Because China is party to the Hague Adoption Convention, children from China must meet the requirements of the Convention in order to be eligible for adoption. For example, the Convention requires that China attempt to place a child with a family in-country before determining that a child is eligible for intercountry adoption. In addition to China's requirements, a child must meet the definition of a Convention adoptee for you to bring him or her back to the United States. To learn more, read about Who Can Be Adopted from China.

How to Adopt

Because China is party to the Hague Adoption Convention, adopting from China must follow a specific process designed to meet the Convention's requirements. A brief summary of the Convention adoption process is given below. You must complete these steps in the following order so that your adoption meets all necessary legal requirements. Note: If you filed your I-600a with China before April 1, 2008, the Hague Adoption Convention may not apply to your adoption. Your adoption could continue to be processed in accordance with the immigration regulations for non-Convention adoptions. Read about Transition Cases for more information.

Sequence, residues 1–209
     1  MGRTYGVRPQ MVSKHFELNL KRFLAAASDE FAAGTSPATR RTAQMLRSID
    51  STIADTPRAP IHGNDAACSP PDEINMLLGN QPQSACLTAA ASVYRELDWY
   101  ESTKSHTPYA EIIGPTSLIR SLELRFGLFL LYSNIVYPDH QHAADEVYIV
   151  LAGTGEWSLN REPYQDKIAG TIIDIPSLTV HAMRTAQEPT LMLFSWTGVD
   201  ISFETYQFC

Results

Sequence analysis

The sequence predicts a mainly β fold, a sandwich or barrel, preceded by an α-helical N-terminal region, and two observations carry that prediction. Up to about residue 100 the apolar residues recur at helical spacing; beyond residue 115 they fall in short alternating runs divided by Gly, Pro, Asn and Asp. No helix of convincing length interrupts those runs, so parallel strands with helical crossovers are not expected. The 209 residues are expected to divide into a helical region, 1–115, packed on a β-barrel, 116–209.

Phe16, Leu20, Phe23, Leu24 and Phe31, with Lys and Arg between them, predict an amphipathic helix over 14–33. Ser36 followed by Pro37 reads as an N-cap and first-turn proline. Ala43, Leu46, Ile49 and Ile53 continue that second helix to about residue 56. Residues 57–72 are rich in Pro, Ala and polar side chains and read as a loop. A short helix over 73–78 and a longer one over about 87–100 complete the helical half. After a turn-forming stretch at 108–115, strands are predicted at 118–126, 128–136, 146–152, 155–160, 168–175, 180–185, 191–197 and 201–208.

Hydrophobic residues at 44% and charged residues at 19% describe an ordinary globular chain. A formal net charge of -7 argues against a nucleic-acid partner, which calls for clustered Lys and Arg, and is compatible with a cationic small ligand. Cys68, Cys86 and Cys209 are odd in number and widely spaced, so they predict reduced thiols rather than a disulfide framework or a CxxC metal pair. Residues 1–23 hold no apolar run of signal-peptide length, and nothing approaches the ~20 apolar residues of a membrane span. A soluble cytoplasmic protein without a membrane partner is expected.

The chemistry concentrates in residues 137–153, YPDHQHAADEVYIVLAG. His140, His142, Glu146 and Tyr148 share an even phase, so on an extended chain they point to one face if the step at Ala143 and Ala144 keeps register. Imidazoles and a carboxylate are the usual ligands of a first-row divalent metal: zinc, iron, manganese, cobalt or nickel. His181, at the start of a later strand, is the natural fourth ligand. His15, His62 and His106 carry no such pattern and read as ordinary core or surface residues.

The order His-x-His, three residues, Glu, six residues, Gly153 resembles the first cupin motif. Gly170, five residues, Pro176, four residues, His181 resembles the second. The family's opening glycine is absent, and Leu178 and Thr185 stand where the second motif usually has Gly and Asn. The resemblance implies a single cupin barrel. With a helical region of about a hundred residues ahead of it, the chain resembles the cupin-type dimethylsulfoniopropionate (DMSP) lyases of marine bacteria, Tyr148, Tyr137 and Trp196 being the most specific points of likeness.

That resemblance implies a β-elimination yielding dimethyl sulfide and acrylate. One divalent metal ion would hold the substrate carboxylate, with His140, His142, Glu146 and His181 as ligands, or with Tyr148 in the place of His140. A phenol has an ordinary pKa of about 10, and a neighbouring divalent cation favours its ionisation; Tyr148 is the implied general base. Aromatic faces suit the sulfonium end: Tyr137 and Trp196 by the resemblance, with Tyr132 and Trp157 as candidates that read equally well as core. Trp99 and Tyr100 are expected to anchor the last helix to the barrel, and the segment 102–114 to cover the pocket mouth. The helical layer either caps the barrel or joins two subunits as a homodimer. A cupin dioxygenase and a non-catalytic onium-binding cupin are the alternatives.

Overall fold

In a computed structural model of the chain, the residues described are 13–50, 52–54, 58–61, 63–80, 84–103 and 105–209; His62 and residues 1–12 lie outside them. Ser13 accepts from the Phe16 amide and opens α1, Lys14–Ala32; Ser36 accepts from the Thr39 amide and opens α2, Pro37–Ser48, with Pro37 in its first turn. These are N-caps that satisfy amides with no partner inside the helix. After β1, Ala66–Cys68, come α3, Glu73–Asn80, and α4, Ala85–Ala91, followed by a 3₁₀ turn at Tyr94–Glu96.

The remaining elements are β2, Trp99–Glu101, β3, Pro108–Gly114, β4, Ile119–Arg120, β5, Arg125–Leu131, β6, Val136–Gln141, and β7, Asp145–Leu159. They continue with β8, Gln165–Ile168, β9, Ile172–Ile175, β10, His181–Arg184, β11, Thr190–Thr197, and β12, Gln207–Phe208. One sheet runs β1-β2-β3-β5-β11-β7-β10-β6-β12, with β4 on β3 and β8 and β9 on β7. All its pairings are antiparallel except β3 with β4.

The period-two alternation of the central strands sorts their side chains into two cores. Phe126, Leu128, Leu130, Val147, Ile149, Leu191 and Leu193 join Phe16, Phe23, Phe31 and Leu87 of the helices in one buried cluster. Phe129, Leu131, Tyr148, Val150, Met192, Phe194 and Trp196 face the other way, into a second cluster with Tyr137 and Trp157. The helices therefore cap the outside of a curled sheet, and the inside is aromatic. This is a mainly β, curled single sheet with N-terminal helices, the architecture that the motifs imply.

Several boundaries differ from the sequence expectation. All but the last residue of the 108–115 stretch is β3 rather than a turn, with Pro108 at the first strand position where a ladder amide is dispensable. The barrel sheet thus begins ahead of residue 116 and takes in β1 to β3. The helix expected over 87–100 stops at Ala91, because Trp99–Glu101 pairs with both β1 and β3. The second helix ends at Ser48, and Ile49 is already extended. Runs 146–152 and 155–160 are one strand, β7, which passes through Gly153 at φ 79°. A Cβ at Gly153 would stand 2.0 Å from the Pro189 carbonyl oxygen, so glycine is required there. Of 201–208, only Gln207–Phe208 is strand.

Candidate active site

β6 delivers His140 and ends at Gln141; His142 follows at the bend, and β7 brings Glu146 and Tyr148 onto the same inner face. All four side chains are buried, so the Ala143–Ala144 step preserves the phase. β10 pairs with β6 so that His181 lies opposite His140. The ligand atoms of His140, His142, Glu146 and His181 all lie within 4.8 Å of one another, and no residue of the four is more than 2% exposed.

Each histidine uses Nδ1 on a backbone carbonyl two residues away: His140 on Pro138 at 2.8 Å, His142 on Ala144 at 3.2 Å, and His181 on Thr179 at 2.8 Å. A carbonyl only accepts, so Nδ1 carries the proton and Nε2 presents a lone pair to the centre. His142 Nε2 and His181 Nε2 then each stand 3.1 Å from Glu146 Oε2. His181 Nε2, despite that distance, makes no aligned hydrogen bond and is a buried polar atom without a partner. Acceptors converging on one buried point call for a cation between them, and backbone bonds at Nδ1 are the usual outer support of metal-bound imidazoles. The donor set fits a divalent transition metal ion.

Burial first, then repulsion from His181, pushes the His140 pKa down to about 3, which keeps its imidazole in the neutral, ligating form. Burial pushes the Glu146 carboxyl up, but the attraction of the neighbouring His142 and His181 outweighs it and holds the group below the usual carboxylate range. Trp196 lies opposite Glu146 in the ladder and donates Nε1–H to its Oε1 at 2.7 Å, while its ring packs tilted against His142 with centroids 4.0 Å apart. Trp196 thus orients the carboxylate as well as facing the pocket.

1. Choose an Accredited Adoption Service Provider
  2. Apply to be Found Eligible to Adopt
  3. Be Matched with a Child
  4. Apply for the Child to be Found Eligible for Immigration to the United States
  5. Adopt the Child in China
  6. Bring your Child Home

To learn more, read about How to Adopt from China.

Traveling Abroad

Applying for Your U.S. Passport

A valid U.S. passport is required to enter and leave China. Only the U.S. Department of State has the authority to grant, issue, or verify United States passports. Getting or renewing a passport is easy. The Passport Application Wizard will help you determine which passport form you need, help you to complete the form online, estimate your payment, and generate the form for you to print-all in one place. To learn more, read about Traveling Abroad in China.

After Adoption

What does China require of the adoptive parents after the adoption?